Estate of Pitts: Downstream OCIP Coverage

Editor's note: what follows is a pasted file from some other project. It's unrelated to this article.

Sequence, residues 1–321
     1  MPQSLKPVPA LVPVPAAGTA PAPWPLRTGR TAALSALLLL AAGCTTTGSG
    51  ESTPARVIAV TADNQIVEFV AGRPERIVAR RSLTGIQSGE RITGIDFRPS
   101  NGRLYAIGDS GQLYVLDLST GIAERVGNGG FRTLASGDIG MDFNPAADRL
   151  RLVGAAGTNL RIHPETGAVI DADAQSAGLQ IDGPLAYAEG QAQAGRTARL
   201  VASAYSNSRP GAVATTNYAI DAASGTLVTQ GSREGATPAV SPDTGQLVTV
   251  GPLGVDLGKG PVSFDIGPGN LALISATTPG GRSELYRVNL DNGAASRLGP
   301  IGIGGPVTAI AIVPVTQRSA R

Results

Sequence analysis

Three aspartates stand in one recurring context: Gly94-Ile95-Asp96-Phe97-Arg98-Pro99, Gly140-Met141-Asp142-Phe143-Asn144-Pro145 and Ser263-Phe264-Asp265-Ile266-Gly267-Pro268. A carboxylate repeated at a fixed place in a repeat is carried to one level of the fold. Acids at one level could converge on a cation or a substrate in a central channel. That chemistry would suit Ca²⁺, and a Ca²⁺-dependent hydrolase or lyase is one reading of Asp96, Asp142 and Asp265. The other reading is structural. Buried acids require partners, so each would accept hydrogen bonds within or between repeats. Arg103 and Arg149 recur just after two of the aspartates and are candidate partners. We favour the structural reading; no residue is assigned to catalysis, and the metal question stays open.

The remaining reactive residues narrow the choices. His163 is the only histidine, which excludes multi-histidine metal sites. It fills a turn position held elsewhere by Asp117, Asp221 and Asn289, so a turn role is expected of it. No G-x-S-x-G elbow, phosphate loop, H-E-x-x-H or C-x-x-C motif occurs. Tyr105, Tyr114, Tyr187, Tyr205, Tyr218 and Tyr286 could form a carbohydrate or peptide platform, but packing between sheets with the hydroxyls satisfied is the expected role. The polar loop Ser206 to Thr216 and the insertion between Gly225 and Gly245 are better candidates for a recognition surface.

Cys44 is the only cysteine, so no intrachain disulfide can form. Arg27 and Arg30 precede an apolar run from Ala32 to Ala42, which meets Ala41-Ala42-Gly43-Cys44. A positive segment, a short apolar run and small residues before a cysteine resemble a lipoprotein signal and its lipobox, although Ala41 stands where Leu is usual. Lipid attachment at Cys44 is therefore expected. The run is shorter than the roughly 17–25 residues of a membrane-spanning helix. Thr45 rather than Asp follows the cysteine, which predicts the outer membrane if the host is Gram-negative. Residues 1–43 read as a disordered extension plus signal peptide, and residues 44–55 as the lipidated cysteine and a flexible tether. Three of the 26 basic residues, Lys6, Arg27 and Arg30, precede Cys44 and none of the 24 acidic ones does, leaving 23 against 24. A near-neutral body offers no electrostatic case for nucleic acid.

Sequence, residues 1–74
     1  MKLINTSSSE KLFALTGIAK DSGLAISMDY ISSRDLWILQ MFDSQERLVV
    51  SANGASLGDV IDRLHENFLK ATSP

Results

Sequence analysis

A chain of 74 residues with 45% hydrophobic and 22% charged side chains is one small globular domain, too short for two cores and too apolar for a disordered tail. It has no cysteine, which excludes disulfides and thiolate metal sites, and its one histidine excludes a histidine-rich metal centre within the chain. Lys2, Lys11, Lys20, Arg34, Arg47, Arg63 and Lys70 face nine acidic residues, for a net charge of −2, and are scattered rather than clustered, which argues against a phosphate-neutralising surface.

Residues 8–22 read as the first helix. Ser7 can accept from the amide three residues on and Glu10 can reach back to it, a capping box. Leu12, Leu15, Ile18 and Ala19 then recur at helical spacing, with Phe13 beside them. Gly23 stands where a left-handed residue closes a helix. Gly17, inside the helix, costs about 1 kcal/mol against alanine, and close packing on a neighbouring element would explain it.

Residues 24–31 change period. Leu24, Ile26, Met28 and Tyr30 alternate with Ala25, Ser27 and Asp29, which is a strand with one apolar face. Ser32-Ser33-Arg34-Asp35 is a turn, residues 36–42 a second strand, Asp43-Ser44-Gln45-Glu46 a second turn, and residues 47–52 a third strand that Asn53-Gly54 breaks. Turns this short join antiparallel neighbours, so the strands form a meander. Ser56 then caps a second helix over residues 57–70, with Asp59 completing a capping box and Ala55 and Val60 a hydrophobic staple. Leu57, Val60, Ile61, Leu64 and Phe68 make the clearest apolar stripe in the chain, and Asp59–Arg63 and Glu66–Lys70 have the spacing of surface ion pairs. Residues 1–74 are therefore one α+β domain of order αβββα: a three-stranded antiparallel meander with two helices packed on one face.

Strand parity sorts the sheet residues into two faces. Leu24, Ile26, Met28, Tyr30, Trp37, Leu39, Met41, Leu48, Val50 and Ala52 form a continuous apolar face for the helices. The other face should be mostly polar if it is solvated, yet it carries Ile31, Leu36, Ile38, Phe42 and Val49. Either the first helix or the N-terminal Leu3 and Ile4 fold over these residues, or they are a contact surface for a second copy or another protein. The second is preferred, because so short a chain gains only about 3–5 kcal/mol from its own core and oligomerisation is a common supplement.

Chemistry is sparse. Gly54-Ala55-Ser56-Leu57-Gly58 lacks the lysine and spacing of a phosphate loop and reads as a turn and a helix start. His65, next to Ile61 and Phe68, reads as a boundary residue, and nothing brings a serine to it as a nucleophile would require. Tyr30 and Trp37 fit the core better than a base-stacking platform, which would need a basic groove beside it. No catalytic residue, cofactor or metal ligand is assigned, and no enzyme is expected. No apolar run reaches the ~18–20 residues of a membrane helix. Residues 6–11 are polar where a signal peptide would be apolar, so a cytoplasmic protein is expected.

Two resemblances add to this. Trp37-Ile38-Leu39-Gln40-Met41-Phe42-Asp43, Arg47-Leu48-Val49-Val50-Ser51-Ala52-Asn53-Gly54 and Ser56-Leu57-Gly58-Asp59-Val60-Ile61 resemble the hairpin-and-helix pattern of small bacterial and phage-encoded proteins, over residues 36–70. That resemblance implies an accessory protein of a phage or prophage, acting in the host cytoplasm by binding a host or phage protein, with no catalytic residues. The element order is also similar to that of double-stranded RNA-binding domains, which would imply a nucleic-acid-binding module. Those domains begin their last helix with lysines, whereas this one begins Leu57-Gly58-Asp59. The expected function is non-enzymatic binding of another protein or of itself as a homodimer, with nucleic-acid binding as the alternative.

Contractors who agree to abide by minimum coverage requirements on an Owner's Controlled Insurance Policy ("OCIP") may at the same time be unwittingly agreeing to provide insurance for all down-stream contractors and subcontractors on a project, according to some recent Georgia court decisions. A general contractor unsuccessfully appealed a judicial decision holding the general contractor liable to an injured worker of a subcontractor on the project under the OCIP policy. Specifically, at the commencement of the project, the general contractor entered into an OCIP policy with the City of Atlanta, the purpose of which was to "provide one master insurance program that provides broad coverage with high limits that will benefit all participants involved in the project." After the worker was accidentally killed on the project by work being performed by another subcontractor, his estate sued the general contractor seeking to recover the balance of his judgment because the responsible subcontractor could not pay the wrongful death judgment. The Georgia Court of Appeals concluded that because OCIP policy applied to "all participants"- it included all people participating in the airport terminal construction project in any capacity, and by extension, the deceased. Despite the general contractor's position that "participants" meant only the companies participating in the OCIP program, not participants on the construction of the project, the Georgia Court of Appeals read the policy differently. The ruling is a signal to all entering master policies, or indeed any project liability policy, to read the language of such contracts, confirm the appropriate coverage is obtained by down-stream contractors, and insert a provision in all insurance policies limiting coverage to only those corporate entities signing such contracts. The economic threat to contractors, where insurance is not obtained and the upstream contractor's insurer refuses coverage for the downstream claim, is the payment of the claim directly from the upstream contractor's pocket. The Georgia Supreme Court denied certiorari and the decision by the Georgia Court of Appeals stands as prevailing law. The case is Estate of Pitts v. City of Atlanta, 323 Ga. App. 70 (2013) cert. denied, 2014 Ga. LEXIS 161 (Feb. 24, 2014). For additional questions or inquiries, please call Amy K. Weber at 678.336.7228.